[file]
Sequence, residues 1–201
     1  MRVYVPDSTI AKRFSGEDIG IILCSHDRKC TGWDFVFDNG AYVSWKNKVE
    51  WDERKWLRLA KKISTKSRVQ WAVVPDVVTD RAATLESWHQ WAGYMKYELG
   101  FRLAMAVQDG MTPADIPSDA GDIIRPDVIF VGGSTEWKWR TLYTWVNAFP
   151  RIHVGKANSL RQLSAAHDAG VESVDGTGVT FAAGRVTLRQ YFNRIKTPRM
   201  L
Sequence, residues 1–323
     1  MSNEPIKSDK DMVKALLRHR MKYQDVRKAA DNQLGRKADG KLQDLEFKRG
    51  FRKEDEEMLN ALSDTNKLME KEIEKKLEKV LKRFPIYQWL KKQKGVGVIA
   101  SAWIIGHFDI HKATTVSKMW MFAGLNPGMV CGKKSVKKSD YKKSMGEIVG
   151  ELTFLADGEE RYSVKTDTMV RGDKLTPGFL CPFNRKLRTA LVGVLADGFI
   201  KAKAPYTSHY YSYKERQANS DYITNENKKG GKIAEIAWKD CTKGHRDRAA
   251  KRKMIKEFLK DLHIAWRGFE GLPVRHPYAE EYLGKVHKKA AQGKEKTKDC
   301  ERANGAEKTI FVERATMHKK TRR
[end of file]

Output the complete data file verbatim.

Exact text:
Sequence, residues 1–201
     1  MRVYVPDSTI AKRFSGEDIG IILCSHDRKC TGWDFVFDNG AYVSWKNKVE
    51  WDERKWLRLA KKISTKSRVQ WAVVPDVVTD RAATLESWHQ WAGYMKYELG
   101  FRLAMAVQDG MTPADIPSDA GDIIRPDVIF VGGSTEWKWR TLYTWVNAFP
   151  RIHVGKANSL RQLSAAHDAG VESVDGTGVT FAAGRVTLRQ YFNRIKTPRM
   201  L
Sequence, residues 1–323
     1  MSNEPIKSDK DMVKALLRHR MKYQDVRKAA DNQLGRKADG KLQDLEFKRG
    51  FRKEDEEMLN ALSDTNKLME KEIEKKLEKV LKRFPIYQWL KKQKGVGVIA
   101  SAWIIGHFDI HKATTVSKMW MFAGLNPGMV CGKKSVKKSD YKKSMGEIVG
   151  ELTFLADGEE RYSVKTDTMV RGDKLTPGFL CPFNRKLRTA LVGVLADGFI
   201  KAKAPYTSHY YSYKERQANS DYITNENKKG GKIAEIAWKD CTKGHRDRAA
   251  KRKMIKEFLK DLHIAWRGFE GLPVRHPYAE EYLGKVHKKA AQGKEKTKDC
   301  ERANGAEKTI FVERATMHKK TRR